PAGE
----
Court: United States Court of Appeals for the Armed Forces
Case Name: United States v. Katso
Citation: 2015 CAAF LEXIS 588
The CCA held that the state’s forensic expert’s testimony violated the appellee’s Sixth Amendment rights because the testimony relied on a report by an out-of-court declarant.
A general court-martial convicted the appellee for burglary, unlawful entry, and aggravated sexual assault. The appellee allegedly violated UCMJ articles 120, 129, and 134, 10 U.S.C.S. §§ 920, 929, and 934. The general court-martial sentenced the appellee to a dishonorable discharge, forfeiture of all pay and allowances, and confinement for 10 years. The U.S. Air Force Court of Criminal Appeals (CCA) dismissed the sentence. The CCA held that the state’s forensic expert’s testimony relied on a report written by an out-of-court declarant. Therefore, this violated the appellee’s right to confrontation under the Sixth Amendment.
The State’s Forensic Expert Witness
The state’s forensic expert witness worked at an army forensic laboratory. He reviewed and testified about procedures used to test DNA samples of the appellee and his alleged victim. The expert witness opined on the results of the DNA analysis after reviewing the case files.
The examiner tested the evidence collected from the appellee and the alleged victim as per protocol, because:
- The evidence was sealed when received
- The evidence was inventoried correctly
- The samples were correctly analyzed
- DNA profiles were generated from known blood of the appellee and the alleged victim
- The swabs collected from the alleged victim contained semen
- Rectal swabs from the alleged victim showed DNA consistent with the appellee and the alleged victim
- Unidentifiable male DNA was found on the alleged victim’s vaginal swab
- DNA consistent with the alleged victim and the appellee was found on the appellee’s scrotal and penile swabs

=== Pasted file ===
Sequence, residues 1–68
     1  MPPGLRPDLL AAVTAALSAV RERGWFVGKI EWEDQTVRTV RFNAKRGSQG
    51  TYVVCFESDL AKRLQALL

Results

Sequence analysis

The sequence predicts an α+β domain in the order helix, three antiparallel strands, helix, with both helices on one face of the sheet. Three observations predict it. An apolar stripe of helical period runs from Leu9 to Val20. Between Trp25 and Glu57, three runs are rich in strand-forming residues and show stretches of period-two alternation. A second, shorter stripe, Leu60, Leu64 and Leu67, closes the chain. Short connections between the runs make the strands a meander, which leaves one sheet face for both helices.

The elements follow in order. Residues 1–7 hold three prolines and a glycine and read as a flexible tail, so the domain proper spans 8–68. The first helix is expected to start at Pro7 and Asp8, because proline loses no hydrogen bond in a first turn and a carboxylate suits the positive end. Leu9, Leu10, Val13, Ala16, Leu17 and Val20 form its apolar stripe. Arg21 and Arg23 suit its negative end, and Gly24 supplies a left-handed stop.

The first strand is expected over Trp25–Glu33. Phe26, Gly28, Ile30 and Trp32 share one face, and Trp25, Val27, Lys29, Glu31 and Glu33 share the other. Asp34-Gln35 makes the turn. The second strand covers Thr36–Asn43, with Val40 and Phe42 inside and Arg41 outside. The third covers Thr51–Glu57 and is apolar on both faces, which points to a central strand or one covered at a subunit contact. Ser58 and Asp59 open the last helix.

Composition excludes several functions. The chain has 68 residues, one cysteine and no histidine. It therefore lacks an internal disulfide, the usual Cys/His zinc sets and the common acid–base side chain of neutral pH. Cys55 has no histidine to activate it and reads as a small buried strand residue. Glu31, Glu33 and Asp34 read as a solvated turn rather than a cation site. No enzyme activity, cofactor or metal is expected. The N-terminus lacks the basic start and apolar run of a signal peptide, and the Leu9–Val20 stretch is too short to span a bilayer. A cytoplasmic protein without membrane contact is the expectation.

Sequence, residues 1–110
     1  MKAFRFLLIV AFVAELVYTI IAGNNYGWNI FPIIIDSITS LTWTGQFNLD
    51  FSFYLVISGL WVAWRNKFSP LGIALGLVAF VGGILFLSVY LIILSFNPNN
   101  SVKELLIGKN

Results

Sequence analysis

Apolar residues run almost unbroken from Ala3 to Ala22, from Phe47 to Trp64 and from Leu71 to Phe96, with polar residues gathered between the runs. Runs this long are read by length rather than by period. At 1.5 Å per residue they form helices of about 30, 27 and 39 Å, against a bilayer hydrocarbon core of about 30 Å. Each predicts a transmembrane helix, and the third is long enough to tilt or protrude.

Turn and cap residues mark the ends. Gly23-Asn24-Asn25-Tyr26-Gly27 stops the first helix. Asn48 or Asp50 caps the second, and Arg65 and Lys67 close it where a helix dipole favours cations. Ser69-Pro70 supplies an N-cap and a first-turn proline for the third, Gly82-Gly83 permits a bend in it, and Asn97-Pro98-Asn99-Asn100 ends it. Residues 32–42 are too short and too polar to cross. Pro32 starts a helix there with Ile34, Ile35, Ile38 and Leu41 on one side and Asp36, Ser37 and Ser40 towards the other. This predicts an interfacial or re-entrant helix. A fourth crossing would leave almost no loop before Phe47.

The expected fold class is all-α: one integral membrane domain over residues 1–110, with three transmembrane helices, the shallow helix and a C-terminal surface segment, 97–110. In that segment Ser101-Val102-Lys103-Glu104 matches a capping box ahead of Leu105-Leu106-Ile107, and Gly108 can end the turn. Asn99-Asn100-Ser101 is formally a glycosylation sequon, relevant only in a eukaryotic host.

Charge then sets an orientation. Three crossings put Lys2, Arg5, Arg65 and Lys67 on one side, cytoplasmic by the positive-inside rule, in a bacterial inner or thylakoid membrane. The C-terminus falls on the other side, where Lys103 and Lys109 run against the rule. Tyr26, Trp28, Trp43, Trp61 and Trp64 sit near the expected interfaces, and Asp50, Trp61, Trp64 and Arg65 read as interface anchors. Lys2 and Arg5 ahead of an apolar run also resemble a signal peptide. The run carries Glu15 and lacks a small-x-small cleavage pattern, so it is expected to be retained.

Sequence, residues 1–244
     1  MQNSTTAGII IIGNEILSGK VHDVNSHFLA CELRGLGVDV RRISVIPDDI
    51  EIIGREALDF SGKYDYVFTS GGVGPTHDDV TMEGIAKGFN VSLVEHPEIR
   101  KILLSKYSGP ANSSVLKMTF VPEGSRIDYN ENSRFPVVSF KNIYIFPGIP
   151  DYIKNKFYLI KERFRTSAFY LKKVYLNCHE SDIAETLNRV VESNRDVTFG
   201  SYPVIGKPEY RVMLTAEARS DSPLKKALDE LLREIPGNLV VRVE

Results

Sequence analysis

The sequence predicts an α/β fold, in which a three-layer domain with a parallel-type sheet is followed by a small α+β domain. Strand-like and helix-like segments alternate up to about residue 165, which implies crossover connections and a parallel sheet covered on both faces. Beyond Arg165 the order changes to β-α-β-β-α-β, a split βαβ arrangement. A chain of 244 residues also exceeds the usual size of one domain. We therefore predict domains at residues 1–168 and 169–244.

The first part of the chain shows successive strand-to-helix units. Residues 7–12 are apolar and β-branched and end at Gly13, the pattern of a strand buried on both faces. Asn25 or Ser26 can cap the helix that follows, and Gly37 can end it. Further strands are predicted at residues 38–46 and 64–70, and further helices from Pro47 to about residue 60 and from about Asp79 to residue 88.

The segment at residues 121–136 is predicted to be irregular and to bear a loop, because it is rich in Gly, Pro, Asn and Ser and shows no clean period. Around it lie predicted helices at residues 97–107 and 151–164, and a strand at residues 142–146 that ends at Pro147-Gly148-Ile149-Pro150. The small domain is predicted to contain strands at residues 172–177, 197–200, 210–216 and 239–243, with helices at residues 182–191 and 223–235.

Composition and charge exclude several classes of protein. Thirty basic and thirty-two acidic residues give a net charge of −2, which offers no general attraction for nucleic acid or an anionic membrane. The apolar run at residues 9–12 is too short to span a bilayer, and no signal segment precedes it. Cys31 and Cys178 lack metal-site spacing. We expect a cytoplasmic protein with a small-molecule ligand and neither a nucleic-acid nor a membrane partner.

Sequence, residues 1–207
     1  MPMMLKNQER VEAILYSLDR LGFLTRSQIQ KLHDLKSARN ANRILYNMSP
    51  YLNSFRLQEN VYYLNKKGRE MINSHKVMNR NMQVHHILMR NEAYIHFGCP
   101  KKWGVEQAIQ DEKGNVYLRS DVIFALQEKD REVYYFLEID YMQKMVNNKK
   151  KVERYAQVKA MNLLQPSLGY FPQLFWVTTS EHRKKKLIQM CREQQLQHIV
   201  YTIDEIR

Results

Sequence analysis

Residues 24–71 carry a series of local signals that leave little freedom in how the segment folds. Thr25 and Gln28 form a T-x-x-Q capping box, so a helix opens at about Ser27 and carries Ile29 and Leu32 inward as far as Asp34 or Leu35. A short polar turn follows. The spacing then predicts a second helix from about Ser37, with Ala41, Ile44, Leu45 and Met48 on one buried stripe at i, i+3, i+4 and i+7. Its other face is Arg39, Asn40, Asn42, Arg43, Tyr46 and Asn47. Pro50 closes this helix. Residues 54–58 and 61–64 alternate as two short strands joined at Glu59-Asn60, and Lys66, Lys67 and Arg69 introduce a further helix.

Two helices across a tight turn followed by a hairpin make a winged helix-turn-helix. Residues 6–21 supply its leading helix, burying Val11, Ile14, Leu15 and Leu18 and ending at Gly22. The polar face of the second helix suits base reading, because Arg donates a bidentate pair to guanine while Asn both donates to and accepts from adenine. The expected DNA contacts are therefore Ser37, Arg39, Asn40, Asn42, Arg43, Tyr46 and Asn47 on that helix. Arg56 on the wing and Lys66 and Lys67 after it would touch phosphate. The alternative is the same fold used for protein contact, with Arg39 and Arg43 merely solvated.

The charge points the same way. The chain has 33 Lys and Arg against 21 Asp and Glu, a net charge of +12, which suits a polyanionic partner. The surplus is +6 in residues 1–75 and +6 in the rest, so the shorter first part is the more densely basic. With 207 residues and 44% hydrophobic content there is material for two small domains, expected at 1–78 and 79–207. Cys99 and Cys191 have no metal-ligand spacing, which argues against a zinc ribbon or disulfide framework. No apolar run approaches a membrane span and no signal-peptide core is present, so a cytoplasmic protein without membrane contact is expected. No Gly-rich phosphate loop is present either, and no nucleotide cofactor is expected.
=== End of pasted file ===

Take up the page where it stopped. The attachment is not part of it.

The expert independently reviewed case files. He then concluded that the lab technician had taken the necessary quality control steps. Furthermore, the forensic expert witness determined that the findings were logically consistent. He re-analyzed the DNA profile data produced to check the samples and recalculated the frequency statistics.
The appellee argued that the testimony relied on an out-of-court declaration and was thus inadmissible.
The court noted it was necessary to ask questions to determine whether an expert witness had broken the Confrontation Clause. Firstly, did the expert’s testimony rely on out-of-court statements that were testimonials themselves? Secondly, if so, was the testimony still admissible because the expert drew his findings based on knowledge of the case facts? As such, would the expert himself, not the out-of-court declarant, be the witness against the appellee under the Sixth Amendment?
The court noted that many of the out-of-court data and statements the expert relied on were not testimonials. This included computer-generated data and the case file containing papers from the Air Force Office of Special Investigations. The expert also reviewed the handwritten notes from the employee responsible for the initial analysis of the sexual assault kits. The notes included a description of the samples upon arrival and quality control procedures. This testimony was, therefore, admissible.
The court noted that the U.S. Supreme Court judgments that discussed the defendant’s rights under the Confrontation Clause did not imply that every person who touches evidence or involved in analyzing it had to testify.
The court also noted that even if the expert relies in part on statements provided by an out-of-court declarant, the testimony’s admissibility depends on the extent of independent analysis conducted, citing United States v. Blazier (Blazier II).
The appellee had a Sixth Amendment right to question the laboratory technician about whether he followed the required protocols. Thus, the appellee also had a right to question whether the technician may have contaminated the evidentiary DNA sample with the known DNA sample. However, the appellee did not have this opportunity.
The court held that the military judge did not abuse his discretion in denying the appellee’s motion and then reversed the CCA decision.
Key Takeaways for Experts
It’s important for experts to rely on their own methodology rather than solely on the testimonials of others. In this case, the forensic expert based his testimony on notes, computer-generated data, and case files. Experts should conduct their own analysis and independently review all the documents pertaining to the case.